Poor people much more likely to die from sepsis

Poor people much more likely to die from sepsis

A comprehensive study conducted by the University of Manchester has unveiled alarming disparities in sepsis mortality rates across different socioeconomic groups. The findings, published in the journal eClinicalMedicine, paint a stark picture of inequities in healthcare outcomes.

The study analyzed data from over 248,000 cases of non-Covid sepsis in England between 2019 and 2022. The research team led by Professor Tjeerd van Staa and Xiaomin Zhong discovered that individuals from the most deprived communities were twice as likely to succumb to sepsis within a 30-day period compared to the general population.

Furthermore, the study identified several other groups at an elevated risk of sepsis mortality:

  • Individuals with learning disabilities were four times more likely to develop sepsis.
  • Patients with liver disease faced a threefold increase in sepsis risk.
  • Individuals with stage 5 chronic kidney disease were over six times more susceptible to sepsis.

The study also highlighted the increased risk among cancer patients, those with brain diseases, and individuals with immunosuppressive conditions. Additionally, the team observed a heightened risk in patients who had undergone multiple courses of antibiotic treatment.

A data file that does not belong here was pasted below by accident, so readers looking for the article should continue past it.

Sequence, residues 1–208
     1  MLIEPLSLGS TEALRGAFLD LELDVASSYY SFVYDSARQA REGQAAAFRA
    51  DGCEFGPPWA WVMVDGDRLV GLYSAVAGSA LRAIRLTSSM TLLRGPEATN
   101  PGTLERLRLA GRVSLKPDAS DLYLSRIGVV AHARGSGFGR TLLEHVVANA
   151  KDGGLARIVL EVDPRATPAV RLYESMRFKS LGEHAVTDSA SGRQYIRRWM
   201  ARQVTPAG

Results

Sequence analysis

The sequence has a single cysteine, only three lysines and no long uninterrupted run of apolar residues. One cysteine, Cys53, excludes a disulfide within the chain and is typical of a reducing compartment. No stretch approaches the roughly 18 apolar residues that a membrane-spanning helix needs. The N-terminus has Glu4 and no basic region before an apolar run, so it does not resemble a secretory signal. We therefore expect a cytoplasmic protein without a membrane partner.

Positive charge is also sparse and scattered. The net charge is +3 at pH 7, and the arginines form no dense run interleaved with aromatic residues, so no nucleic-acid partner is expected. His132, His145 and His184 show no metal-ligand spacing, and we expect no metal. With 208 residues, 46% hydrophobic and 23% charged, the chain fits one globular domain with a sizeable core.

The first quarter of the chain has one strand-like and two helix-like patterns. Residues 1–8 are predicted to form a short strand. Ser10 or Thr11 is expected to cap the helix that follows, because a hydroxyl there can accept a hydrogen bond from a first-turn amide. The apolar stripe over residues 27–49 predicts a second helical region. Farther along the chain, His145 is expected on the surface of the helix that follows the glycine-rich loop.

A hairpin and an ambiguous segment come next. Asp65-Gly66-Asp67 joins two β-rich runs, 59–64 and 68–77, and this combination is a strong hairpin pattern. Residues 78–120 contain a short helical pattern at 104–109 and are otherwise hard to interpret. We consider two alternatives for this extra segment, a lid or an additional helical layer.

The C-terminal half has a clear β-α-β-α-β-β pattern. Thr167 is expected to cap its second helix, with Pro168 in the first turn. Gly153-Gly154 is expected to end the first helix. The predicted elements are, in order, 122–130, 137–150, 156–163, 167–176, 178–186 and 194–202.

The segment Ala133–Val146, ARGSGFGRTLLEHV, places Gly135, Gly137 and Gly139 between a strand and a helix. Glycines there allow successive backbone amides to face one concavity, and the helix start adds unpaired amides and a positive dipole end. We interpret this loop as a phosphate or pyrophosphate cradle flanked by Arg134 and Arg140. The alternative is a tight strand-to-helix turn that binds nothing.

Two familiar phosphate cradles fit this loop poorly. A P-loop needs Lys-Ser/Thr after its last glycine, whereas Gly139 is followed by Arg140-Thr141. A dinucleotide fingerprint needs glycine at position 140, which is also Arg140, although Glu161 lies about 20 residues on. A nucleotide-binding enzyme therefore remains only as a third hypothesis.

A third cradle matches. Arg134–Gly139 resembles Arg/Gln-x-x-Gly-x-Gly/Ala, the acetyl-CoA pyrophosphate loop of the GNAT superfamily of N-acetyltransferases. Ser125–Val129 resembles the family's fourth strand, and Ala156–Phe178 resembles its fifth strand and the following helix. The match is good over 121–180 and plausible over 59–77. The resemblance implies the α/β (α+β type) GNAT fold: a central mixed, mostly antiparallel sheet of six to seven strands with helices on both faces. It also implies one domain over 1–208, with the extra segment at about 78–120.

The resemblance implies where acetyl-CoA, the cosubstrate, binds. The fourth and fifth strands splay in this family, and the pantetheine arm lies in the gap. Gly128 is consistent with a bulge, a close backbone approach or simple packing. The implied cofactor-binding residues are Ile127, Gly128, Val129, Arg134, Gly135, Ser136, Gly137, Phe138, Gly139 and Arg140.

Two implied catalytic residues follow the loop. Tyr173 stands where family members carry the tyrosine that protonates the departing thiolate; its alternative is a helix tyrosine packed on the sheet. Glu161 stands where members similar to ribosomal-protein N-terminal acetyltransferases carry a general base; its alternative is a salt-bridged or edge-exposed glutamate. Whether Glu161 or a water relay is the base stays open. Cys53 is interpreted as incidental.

Commenting on the study’s findings, Professor van Staa and Xiaomin Zhong stated, “This study demonstrates that socioeconomic deprivation, comorbidity, and learning disabilities are associated with an increased risk of developing non-Covid related sepsis and 30-day mortality in England.”

The researchers emphasized that their findings should serve as a guide for healthcare professionals worldwide, enabling them to identify sepsis earlier and initiate treatment promptly. They acknowledged the challenges in diagnosing sepsis due to its varied symptoms, which can mimic other illnesses.

Dr. Ron Daniels, founder and joint CEO of the UK Sepsis Trust, underscored the significance of socioeconomic factors and underlying health conditions in determining sepsis risk. He noted that these factors often overlap and are further linked to ethnicity.

Last month, the NHS ombudsman reported persistent “serious failings” in sepsis management within the health service, leading to avoidable deaths. The ombudsman, Rob Behrens, identified delays in diagnosis and treatment, poor communication, and missed opportunities for follow-up care as recurring issues. He emphasized the need for the NHS to adopt a “sepsis-aware” approach.

The study’s findings underscore the urgent need to address the disparities in sepsis mortality. By understanding the underlying factors and implementing targeted interventions, healthcare systems can work towards ensuring equitable outcomes for all patients, regardless of their socioeconomic status or underlying health conditions.